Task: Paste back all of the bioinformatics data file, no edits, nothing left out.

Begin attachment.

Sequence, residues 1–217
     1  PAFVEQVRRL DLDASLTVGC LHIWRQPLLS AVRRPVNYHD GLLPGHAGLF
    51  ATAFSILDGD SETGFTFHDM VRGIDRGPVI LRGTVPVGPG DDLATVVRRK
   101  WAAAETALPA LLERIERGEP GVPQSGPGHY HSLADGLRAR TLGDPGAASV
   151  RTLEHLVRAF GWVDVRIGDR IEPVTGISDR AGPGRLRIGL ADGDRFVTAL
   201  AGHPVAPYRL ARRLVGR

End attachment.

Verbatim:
Sequence, residues 1–217
     1  PAFVEQVRRL DLDASLTVGC LHIWRQPLLS AVRRPVNYHD GLLPGHAGLF
    51  ATAFSILDGD SETGFTFHDM VRGIDRGPVI LRGTVPVGPG DDLATVVRRK
   101  WAAAETALPA LLERIERGEP GVPQSGPGHY HSLADGLRAR TLGDPGAASV
   151  RTLEHLVRAF GWVDVRIGDR IEPVTGISDR AGPGRLRIGL ADGDRFVTAL
   201  AGHPVAPYRL ARRLVGR